By: April Carson
The Russian government is desperately attempting to keep the country's economy functioning following the harsh penalties imposed on it and the ruble's collapse. That means finding ways around Western economic sanctions, even as his troops continue to invade Ukraine for Vladimir Putin.
Russia is expected to prioritize energy sales and leaning on the country's reserves in gold and Chinese currency to soften the blow of the financial penalties, according to former Treasury Department officials and sanctions experts. Putin will also deal in cryptocurrency, rely on Russia's ties with China, and move money through smaller banks and accounts belonging to high-ranking families that are not covered by the restrictions.
"The most prevalent areas in which Russia is active right now are China and energy," according to John Smith, the former head of Treasury's financial intelligence and enforcement agency.
The United States and the European Union have imposed restrictions on Russia's major banks and the country's most powerful individuals, seized assets from its Central Bank located outside of Russia, and banned financial institutions from using the SWIFT banking network.
"Whether or not they're going to look closer to China, whether or not they're going to make up for lost goods and services from the West they'd usually get," Smith said. "They're also betting that their huge energy stockpiles will continue to be in demand, particularly during this cold winter. There's considerably more money to be made by selling it if they can get it to market."
The 30-year agreement between Russia and China was signed last month, allowing for the supply of Russian gas to China. In addition, as previously reported , China announced on Monday that it would allow grain imports from all regions of Russia for the first time.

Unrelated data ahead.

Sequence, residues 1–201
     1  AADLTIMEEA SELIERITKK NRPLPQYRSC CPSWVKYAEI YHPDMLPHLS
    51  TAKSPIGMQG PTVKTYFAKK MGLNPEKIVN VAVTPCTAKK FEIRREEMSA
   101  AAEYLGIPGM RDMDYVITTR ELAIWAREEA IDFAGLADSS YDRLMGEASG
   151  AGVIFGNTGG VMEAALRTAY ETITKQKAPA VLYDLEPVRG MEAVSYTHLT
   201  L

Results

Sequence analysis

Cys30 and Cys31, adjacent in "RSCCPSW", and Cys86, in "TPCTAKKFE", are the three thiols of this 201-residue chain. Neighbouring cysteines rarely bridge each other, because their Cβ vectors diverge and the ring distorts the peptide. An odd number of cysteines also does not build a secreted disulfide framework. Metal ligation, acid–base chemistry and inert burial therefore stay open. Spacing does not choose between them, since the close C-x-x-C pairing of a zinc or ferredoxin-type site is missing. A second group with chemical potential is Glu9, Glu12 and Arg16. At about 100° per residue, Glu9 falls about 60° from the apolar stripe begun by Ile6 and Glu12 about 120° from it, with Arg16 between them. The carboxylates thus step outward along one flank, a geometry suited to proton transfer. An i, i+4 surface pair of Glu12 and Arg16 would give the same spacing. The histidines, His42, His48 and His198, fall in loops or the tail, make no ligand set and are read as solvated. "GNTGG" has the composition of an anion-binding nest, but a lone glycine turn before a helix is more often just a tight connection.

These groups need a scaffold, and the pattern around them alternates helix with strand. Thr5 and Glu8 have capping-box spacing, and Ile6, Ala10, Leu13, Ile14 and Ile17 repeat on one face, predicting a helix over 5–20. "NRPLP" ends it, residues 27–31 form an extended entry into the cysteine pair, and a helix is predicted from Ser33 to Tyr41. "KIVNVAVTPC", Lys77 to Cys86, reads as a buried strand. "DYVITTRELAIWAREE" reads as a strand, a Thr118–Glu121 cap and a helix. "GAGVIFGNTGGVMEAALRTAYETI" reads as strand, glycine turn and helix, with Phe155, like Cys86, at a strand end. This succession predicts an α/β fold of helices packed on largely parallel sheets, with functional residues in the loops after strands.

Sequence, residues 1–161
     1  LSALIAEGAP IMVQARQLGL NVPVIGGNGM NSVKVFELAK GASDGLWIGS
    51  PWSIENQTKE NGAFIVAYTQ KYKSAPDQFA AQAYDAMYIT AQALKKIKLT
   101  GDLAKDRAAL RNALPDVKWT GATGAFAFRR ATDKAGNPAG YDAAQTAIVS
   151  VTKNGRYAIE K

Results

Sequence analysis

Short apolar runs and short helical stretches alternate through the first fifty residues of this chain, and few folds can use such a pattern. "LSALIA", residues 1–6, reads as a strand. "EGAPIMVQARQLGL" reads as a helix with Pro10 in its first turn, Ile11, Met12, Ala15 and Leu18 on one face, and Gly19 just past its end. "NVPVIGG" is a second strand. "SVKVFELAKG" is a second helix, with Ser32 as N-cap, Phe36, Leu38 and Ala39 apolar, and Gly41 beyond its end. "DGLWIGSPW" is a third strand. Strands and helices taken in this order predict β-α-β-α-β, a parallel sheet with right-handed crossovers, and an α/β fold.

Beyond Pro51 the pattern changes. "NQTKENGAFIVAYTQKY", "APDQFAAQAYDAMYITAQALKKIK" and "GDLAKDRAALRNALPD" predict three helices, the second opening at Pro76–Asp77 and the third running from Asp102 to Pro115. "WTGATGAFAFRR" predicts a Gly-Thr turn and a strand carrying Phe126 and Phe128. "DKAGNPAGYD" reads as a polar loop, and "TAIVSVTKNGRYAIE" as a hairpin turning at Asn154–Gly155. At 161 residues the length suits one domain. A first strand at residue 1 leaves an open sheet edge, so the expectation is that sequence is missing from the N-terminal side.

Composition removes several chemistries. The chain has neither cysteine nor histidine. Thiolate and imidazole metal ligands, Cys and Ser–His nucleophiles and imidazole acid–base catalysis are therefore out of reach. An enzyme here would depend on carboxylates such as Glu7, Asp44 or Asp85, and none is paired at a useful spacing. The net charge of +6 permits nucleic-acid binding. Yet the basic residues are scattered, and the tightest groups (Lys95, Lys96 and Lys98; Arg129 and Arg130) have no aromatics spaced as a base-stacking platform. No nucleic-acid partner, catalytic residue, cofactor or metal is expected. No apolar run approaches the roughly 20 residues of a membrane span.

Despite everything, Smith said the Chinese and others will now "be driving incredibly hard bargains," as Russia has fewer eager purchasers. The Chinese government will want to avoid being subjected to secondary sanctions or sanction violations enforcement, he added.
According to a senior administration official, the Biden administration is developing a "targeted tactical plan" to prevent cryptocurrency from becoming a tool for Moscow to use to avoid penalties.
The Biden administration official, who spoke on the condition of anonymity because the new measures on cryptocurrency have not yet been announced, said they are looking to shore up as many areas as possible while ensuring that sanctions on Russia have maximum impact.
The administration's efforts are informed by past experiences in Iran and Venezuela, the source said. Additional export restrictions and additional sanction targets will be announced in the coming days and weeks to combat Russian sanction-evasion attempts, the official added.
U.S. officials have already been on the lookout for Moscow's attempts to use and establish front companies and alternative financial institutions to avoid penalties.
On Monday, the United States took things a step further and blocked any assets of Russia's Central Bank in the United States or controlled by Americans. The Obama administration predicted that the measure might have an impact on hundreds of billions of dollars worth of Russian finance.
The most recent adjustments, however, included a provision allowing companies to make energy-related transactions with the bank. The penalties also do not impact Putin's gold reserves, which he has been amassing for years.